Karl Stefanovic, the breakfast television host, opened Tuesday morning with a bouncer. “Prime minister, good morning to you. Do you have blood on your hands?” With cows mooing gently around him in Rockhampton, Scott Morrison attempted to belt Stefanovic’s bouncer to the boundary. “No, [that’s] obviously absurd.”
Morrison’s difficulty was the former Test cricketer Michael Slater had invoked prime ministerial blood on hands to blast the government’s extraordinary decision to criminalise Australians attempting to get home from Covid-ravaged India. Obviously Slater’s language was memorable.
But Australia’s chief medical officer, Paul Kelly, created the evidentiary base for Slater’s central charge by telling the government, in very clear written advice last Friday, that citizens stranded in India faced the prospect of serious illness without access to proper healthcare, and a “worst-case scenario” of death.
Kelly’s point wasn’t hyperbolic. It was an articulation of fact. Serious illness and death are obvious potential consequences of Australia’s decision to “pause” returns from India, because India is currently in the grip of a humanitarian disaster. The country’s health system is collapsing under the weight of runaway Covid-19 infections.
The coronavirus pandemic has forced the governments of Australia and the governments of the world to make very tough decisions. That’s what catastrophes do. But we all need to be very clear about the potential consequences of this decision for our fellow citizens who can’t get home.
We need to understand that people who had been given permission to travel to India by the Australian government are now being left by the same government to fend for themselves until authorities can clear a backlog of Covid cases currently in Australian quarantine. Slater articulated this point economically with his pointed contribution on social media, noting he had “government permission” to work on the Indian Premier League “but now I have government neglect”.
Government permission to travel isn’t a warranty during a pandemic. People are ultimately responsible for the calculated risks they take.
But being abandoned by their government has evidently come as a profound shock not only to Slater – a citizen with resources and certain advantages – but also to less privileged Australians who scrambled to India to nurse their dying parents or deal with other family emergencies that they felt could not be deferred. Presumably they imagined Australian citizenship conferred certain protections.
The vulnerable cohort of Australians currently stranded in India is said to number 650 people. Government MPs – fielding a significant backlash from the Indian community in their electorates – are now in full clamour internally about getting emergency repatriation flights happening, preferably yesterday, and hopefully tomorrow.
As well as being clear about the human consequences of this decision, we also need clarity about some of the contributory negligence (in a policy-making sense) sitting behind it.
We’ve covered the perversity of people being given permission to travel to India, only to have the drawbridge pulled up behind them. We then need to add Australia’s domestic coronavirus vaccination program running behind schedule. This is a story of bad luck and bad judgments, but the obvious point to make is this: while other countries that have managed to vaccinate their citizens rapidly are preparing to reopen, Australia remains in a bubble.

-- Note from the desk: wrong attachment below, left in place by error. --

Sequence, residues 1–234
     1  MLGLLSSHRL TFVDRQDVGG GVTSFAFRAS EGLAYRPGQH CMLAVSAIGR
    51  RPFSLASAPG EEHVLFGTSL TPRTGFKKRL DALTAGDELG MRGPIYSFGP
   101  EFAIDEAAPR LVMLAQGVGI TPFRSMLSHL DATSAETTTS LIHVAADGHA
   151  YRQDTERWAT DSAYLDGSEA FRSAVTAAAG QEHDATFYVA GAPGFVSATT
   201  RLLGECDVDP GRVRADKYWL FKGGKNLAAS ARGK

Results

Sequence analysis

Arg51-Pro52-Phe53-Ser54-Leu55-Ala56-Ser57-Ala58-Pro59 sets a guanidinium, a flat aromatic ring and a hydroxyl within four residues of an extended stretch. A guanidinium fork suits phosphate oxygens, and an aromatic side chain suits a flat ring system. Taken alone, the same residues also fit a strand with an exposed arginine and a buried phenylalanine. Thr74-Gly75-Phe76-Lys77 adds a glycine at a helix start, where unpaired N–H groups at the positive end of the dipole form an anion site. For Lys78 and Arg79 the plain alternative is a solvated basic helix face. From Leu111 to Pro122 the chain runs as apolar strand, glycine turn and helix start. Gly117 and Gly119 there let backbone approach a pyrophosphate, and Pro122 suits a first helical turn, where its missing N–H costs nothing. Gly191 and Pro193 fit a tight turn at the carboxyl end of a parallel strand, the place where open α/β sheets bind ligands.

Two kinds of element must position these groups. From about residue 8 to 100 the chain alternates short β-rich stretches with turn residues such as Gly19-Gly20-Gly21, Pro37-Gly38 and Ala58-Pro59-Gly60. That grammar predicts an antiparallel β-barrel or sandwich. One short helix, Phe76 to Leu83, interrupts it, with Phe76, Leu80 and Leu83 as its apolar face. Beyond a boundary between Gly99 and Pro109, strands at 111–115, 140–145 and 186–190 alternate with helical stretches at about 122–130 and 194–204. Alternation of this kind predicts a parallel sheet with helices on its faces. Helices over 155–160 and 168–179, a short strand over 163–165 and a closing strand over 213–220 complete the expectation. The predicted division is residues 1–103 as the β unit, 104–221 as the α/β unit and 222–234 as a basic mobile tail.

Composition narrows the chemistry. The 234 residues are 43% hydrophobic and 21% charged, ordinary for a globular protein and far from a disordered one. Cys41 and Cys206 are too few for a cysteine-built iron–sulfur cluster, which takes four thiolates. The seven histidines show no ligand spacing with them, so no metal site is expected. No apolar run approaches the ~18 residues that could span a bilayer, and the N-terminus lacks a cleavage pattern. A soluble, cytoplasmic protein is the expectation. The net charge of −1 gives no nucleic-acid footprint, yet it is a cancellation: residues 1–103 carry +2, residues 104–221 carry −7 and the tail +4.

As well as the troubles with vaccinations, there has also been a domestic discussion spanning many months about the ongoing adequacy of hotel quarantine. Hotel quarantine was an improvised solution in the early days of the pandemic, but for months, there’s been debate about whether Australia needs a different strategy, including more specialised facilities to deal with surges.
As the former bureaucrat Jane Halton noted months ago in a review of hotel quarantine, “pressure to increase travel to and from Australia is growing”. Furthermore: “Existing models of quarantine are unlikely to be able to expand significantly above current levels and new approaches that manage risk are needed – an ability to add scale through surge capacity should be considered.”
Having worked through the human consequences of contributory policy negligence, we now reach the dreaded politics, which I confess I’m less interested in, given what’s actually on the line here. So let’s summarise this quickly.
Morrison has had a rough few months politically, so it shouldn’t surprise us that the prime minister has now assumed full stop the boats/fortress Australia/“we decide who comes and the circumstances in which they come” mode.
This is a Coalition default you can set your watch by, and the foghorn politics might even work, given Morrison’s domestic voting audience has been conditioned over several decades to believe that, in Australia, a hard border must always trump a compassionate heart.
But the important thing to remember is while the prime minister is currently focused on presenting his actions as some sort of inspired pre-emption to prevent a third wave of Covid-19 infections in Australia, the reality here is quantifiably different.
The reality is the government is fully intent on masking its own lack of preparation.
There’s also an irony here that won’t be lost on the premiers.
Having spent months lecturing the states about snap border closures not being a proper substitute for an effective public health strategy (“borders … are no substitute for testing, tracing and outbreak containment”), Morrison is now doing exactly what he told the states not to do, and presenting it to voters as a virtue.